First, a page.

Cerebrum Winter 2020

While it remains unclear whether creativity can be improved in the long- term, some strategies may boost short-term creativity.

While it remains unclear whether creativity can be improved in the long- term (i.e, trait creativity), some strategies may boost short-term (i.e. state) creativity. Given what we’ve learned about the neuroscience of creativity, it seems possible that harnessing the flexible and generative potential of the default network may provide a short- term boost. For example, when we are stuck on a problem—a phenomenon known as fixation or impasse—taking a break to let our minds wander may loosen things up and help us find a creative solution. Another potentially useful strategy involves priming the episodic system. The episodic induction process mentioned earlier—thinking about a past experience with as much detail as possible—has been shown to temporarily boost the number of ideas people generate on a creative thinking task. Until rigorous science on creativity training has been conducted, there are a few things that may modestly boost creativity in a more sustained way. For one, we can pick up a creative hobby, like painting or learning a musical instrument. One study that trained students how to play music reported gains in their musical creativity over time. But whether such gains transfer to make people generally more creative is not yet known. (This is where cognitive “brain training” programs fall short: people tend to get better on specific training tasks, but this improvement doesn’t generalize to other tasks.) Until research has clarified whether cognitive abilities can actually be improved through neuroscience- based intervention, old-fashioned arts education might be our best bet. l

efficiently, without distraction from the mind-wandering default network. The study with visual artists, along with subsequent findings with poets and others, suggests that creative thinking involves increased communication between brain networks that usually work separately. In a recent study, we explored whether this brain connectivity pattern may provide insight into individual differences in creative thinking, i.e., what makes some people more creative than others? One possibility is that creative people can more readily co-activate the default and control networks to solve creative problems. We recruited a large sample of participants, mostly undergraduate and graduate students and asked them to complete the creative uses task during fMRI. We recorded their ideas while they were in the scanner and later scored them for creative quality, allowing us to link each person’s brain patterns to the quality of their ideas. We found that, as expected, people varied widely in their performance on this task. Some consistently came up with common uses for objects, such as saying a brick could be used for building something, while others devised decidedly more innovative responses, e.g. a brick could be ground up and used as a filtering substance. To analyze the data, we used a machine learning method called connectome-based predictive modeling (CPM). CPM allows researchers to characterize individual differences in such behavioral traits as personality and intelligence, by identifying functional connections in the brain that reliably predict these traits in new participants who were not used to build the models. In our study, CPM was used to estimate creative thinking ability based on brain connectivity patterns during the creative uses task.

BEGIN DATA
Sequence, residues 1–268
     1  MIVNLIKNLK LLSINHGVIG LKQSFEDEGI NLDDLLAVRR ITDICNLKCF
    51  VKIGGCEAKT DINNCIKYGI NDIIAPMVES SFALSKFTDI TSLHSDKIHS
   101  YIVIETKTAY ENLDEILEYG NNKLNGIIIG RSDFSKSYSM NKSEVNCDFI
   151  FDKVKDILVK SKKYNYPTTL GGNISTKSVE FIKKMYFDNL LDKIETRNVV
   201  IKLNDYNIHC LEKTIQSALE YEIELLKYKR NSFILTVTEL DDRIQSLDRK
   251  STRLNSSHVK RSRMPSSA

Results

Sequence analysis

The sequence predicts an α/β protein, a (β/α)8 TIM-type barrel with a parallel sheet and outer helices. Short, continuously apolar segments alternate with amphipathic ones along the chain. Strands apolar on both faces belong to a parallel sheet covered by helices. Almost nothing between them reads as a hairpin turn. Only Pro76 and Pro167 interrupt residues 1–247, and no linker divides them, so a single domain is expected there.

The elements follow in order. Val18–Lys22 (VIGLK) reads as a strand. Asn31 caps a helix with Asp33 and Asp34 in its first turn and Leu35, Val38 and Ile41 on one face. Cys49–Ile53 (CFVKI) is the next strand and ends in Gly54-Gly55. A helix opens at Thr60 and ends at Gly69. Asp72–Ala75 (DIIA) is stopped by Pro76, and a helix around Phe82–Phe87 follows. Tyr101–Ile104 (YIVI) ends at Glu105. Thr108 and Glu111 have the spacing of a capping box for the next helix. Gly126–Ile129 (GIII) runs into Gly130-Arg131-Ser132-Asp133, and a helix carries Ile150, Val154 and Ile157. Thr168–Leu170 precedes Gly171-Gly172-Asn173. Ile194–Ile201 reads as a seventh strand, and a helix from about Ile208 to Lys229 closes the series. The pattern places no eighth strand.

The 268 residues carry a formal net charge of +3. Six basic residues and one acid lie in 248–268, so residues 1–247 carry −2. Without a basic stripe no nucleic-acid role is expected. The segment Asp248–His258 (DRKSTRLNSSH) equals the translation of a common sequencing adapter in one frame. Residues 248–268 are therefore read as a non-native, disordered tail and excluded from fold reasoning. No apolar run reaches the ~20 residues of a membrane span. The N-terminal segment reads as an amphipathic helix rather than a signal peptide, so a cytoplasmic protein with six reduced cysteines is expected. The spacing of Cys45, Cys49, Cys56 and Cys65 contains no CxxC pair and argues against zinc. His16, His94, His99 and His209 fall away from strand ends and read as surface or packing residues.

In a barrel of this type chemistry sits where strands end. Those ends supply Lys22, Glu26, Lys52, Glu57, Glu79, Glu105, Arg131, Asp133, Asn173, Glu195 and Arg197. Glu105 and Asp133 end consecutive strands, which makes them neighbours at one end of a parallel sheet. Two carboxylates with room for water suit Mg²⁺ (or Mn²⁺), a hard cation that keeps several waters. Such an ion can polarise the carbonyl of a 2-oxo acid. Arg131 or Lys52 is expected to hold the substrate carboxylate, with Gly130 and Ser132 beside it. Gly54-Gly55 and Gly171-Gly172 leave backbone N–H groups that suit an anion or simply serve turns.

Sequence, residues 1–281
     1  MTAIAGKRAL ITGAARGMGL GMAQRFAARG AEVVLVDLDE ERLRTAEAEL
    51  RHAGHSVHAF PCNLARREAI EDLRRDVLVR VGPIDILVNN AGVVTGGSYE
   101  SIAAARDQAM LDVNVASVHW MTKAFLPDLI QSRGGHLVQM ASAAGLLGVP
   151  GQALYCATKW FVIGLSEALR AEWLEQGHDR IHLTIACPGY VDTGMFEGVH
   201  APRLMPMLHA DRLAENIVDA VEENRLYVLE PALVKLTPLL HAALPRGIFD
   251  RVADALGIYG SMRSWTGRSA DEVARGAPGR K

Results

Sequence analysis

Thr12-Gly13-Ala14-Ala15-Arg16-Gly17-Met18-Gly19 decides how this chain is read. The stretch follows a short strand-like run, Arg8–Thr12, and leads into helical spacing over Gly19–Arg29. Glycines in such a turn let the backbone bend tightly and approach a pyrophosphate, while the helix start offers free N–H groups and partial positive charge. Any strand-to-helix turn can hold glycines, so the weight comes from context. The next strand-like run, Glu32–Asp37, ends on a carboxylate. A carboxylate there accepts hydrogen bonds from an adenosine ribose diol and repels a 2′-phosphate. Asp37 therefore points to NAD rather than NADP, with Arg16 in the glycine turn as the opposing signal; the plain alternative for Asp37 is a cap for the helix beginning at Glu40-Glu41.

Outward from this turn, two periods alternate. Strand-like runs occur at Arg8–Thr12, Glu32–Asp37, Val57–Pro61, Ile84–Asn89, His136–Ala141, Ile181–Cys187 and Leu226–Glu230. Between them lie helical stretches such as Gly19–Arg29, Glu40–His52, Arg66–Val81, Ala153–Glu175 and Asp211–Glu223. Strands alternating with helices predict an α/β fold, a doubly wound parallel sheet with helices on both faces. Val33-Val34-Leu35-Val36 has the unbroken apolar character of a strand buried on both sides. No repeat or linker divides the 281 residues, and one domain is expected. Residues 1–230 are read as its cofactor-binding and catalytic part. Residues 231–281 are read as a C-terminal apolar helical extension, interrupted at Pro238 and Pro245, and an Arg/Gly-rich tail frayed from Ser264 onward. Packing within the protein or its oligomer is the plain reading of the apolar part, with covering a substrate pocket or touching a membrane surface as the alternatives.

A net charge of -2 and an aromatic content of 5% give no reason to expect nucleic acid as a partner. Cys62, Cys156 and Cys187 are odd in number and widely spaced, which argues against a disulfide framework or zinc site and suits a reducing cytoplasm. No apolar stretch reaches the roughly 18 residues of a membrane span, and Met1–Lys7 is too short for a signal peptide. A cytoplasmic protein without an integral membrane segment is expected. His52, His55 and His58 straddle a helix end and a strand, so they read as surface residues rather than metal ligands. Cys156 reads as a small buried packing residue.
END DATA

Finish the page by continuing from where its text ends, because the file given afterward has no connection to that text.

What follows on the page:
Our analysis showed stronger functional connections between the default, control, and salience networks (a network involved in switching between the default and control networks) in highly creative people: the brain connectivity pattern reliably predicted the creativity score. Importantly, the association generalized to three other samples of participants: individuals with stronger functional connections between these networks tended to produce more original ideas. Boosting Creativity Psychology and neuroscience have made encouraging progress in our understanding of how the creative brain works. As summarized above, we now know that creative thinking involves the interplay of the brain’s default and executive control networks, and that these connections allow us to spontaneously generate ideas and critically evaluate them, respectively. And we are learning about how our memory systems contribute: the same networks that we use to recall the past also allow us to imagine future experiences and think creatively. Yet several important questions remain. One of the most important concerns whether creativity can be enhanced—and if so, how? Research findings thus far suggest that neuroscience tools can be used to predict the ability to think creatively, based on the strength of their brain network connections. But we do not yet know whether these connections can be strengthened to improve creative thinking. Longitudinal studies are needed. Just as the efficacy of cognitive or brain training programs in improving intelligence has been critically questioned, skepticism should be applied to interventions that claim to boost creativity.

Financial Disclosure: The author has no conflicts of interest to report.

DANA FOUNDATION CEREBRUM | WINTER 2020 13

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